By default the lxd-bridge program creates a DNSMASQ service if the LXD_IPV4_ADDR or LXD_IPV6_ADDR (I think they should have used the DHCP entry myself), BUT we only want 1 running on the layer 2 network.
There are a number of ways to fix this
  1. Change the lxd-bridge program to check for the LXD_IPV4_DHCP_RANGE setting and only define that on 1 host
  2. override the dnsmasq program in the /etc/default/lxd-bridge which is what I did
So on 2 of the 3 hosts add this line to the /etc/default/lxd-bridge file alias dnsmasq="/bin/echo 'Not starting dnsmasq'"

Step 4 Restart lxd-brigde

On all hosts
service lxd-brigde restart
Now if you check the lxdbr0 device using ifconfig they should have the {STATICIP} assigned

Step 5 Configure peervpn

We're using peervpn to create the layer 2 network (you can use other methods, see the Flockport article.
Each host must have an IP address for the VPN and the peers for the other hosts. Peers are of the format <ip> <port>, in my case we use the port_forwarded address,
MACHINEIPPEER1PEER2
lxd110.99.0.1192.168.99.1 7002192.168.99.1 7003
lxd210.99.0.2192.168.99.1 7001192.168.99.1 7003
lxd310.99.0.3192.168.99.1 7001192.168.99.1 7002
On each machine as root
cd /etc
mkdir peervpn
cd peervpn

IP=<IP>
PEER1=<FORWARDED PORT FOR ANOTHER NODE>
PEER2=<FORWARDED PORT FOR ANOTHER NODE>

cat > peervpn.conf.l2 <<!
networkname PEERVPN
psk password
enabletunneling yes
interface peervpn0
ifconfig4 $IP/24
port 7000
initpeers $PEER1 $PEER2
upcmd brctl addif lxdbr0 peervpn0
!
Notice The upcmd adds the tap device to the lxd bridge device
You can now test the peervpn by running
/usr/local/sbin/peervpn /etc/peervpn/peervpn.conf.l2
You should see the number of peers increasing after a few seconds

Step 6 Make peervpn a service

To make peervpn a service as root run:
cd /lib/systemd/system
cat > peervpn.service <<!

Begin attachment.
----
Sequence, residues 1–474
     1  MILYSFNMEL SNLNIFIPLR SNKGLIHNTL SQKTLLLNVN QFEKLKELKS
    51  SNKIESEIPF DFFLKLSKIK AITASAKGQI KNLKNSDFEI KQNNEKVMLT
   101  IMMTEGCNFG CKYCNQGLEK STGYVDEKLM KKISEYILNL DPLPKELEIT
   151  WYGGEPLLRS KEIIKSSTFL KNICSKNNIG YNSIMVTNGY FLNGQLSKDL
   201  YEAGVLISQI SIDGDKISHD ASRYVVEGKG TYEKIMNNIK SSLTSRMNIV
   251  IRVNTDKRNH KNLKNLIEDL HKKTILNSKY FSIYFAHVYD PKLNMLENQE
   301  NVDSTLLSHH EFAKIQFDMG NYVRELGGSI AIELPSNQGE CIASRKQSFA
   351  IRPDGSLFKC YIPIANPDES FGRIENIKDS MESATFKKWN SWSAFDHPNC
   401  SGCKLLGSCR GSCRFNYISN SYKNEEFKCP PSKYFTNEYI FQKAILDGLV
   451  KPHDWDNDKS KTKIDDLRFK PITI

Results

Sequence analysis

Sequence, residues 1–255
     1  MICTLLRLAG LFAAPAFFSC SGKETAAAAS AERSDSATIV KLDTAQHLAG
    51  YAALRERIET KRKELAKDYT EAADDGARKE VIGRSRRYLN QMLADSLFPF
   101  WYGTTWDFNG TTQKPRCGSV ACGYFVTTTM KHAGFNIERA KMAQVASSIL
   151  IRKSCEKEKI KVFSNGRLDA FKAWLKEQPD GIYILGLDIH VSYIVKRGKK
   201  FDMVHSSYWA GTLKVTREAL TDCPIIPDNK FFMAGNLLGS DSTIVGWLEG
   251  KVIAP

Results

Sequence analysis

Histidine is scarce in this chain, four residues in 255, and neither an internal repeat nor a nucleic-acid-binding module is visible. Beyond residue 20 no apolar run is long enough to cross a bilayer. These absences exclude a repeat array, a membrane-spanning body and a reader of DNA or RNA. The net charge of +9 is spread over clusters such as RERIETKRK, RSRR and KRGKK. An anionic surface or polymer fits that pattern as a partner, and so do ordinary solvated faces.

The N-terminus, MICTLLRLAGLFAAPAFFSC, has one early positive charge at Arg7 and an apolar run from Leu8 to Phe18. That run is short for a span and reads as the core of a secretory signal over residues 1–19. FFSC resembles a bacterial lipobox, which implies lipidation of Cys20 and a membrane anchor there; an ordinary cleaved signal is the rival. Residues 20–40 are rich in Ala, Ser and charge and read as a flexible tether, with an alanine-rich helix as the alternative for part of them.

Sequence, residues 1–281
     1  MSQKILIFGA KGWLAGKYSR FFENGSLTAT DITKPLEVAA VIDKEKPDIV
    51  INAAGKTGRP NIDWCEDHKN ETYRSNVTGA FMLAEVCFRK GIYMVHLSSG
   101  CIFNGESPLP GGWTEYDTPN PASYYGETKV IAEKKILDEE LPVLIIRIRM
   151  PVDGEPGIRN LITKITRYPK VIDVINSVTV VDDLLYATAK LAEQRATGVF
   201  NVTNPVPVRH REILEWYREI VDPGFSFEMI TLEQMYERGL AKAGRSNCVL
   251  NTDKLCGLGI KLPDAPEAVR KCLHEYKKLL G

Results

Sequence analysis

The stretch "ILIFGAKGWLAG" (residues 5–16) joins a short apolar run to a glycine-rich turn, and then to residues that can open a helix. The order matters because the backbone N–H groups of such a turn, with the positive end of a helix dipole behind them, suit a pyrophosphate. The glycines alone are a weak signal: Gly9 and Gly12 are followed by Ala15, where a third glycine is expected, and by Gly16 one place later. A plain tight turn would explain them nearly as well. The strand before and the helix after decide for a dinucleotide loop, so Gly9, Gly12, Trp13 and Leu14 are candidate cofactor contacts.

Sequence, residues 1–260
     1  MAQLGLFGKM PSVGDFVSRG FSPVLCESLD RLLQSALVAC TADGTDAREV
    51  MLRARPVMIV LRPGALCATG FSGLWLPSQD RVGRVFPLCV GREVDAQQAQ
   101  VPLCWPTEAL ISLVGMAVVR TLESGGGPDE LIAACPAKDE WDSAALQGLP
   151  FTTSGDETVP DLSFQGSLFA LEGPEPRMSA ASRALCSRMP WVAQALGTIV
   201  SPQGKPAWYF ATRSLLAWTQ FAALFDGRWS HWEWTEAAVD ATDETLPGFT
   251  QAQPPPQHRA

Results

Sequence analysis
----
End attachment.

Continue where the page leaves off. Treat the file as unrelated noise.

[Unit]
Description=Start the VPN
Wants=lxd.service
After=lxd.service

[Service]
Type=simple
ExecStart=/usr/local/sbin/peervpn /etc/peervpn/peervpn.conf.l2

[Install]
WantedBy=multi-user.target
!
service peervpn start
systemctl enable peervpn

Step 6 Check stuff

You should be able to ping the 172.16.0.[1,2,3] addresses from all machines if you can't then
  • use brctl show and make sure the peervpn0 is in the interface
  • sudo service peervpn status and make sure that there are peers
  • ifconfig and make sure that the peervpn0 and lxdbr0 devices have ip addresses
  • ip route show and make sure that there is a route for the peervpn network associated with the vpn ip
  • ip route show and make sure that there is a route for the lxd network associated with the lxd ip
Example routes
ip route show
default via 10.0.2.2 dev eth0
10.0.2.0/24 dev eth0  proto kernel  scope link  src 10.0.2.15
10.99.0.0/24 dev peervpn0  proto kernel  scope link  src 10.99.0.1
172.16.0.0/16 dev lxdbr0  proto kernel  scope link  src 172.16.0.1
Sometimes it will fail because the services were not started in the correct order, try rebooting the host if this was the case.

Lets do some lxd tests

Get and image from the image store on each host e.g.lxc image copy ubuntu:xenial local: --copy-aliases --auto-update
You can set the core.https_address and core.trust_password and add remotes for the other hosts and copy the image between hosts if your internet is too slow
Got to each host and create a container make sure each container has a unique name.
e.g lxc launch xenial c1
using lxc list the host should get an ip in the lxd network range (this may take a couple of seconds).
You should be able to ping between containers using the ip address or the dns address (This is the e.g. c1.lxd if your LXD_DOMAIN was set to lxd).
This gist has an example of how to test multicast, which should work between containers.

Issues and improvements

  • There is a single point of failure in dnsmasq
  • It is possible to create a container on 2 hosts with the same name, they get a unique IP address but only the last one is resolvable through DNS
  • A GUI for administering the cluster would be nice.
  • Peervpn is not one of the standard ubuntu packages and forces encryption and overhead. Alternatives are mentioned in the Flockport article but I haven't experimented with them

3 comments:

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  3. I really like your guide here as I use peervpn also with lxd.

    One modification that might be useful would be:

    url: https://github.com/deanmaniatis/lxd-cheat-sheet#setup-dns-for-lxd-containers-optional

    If added to your setup then connectivity across the peervpn mesh network would be easier to remember by using names of containers instead of having to remember IP addresses.

    Anyway thanks for your work..!
    brian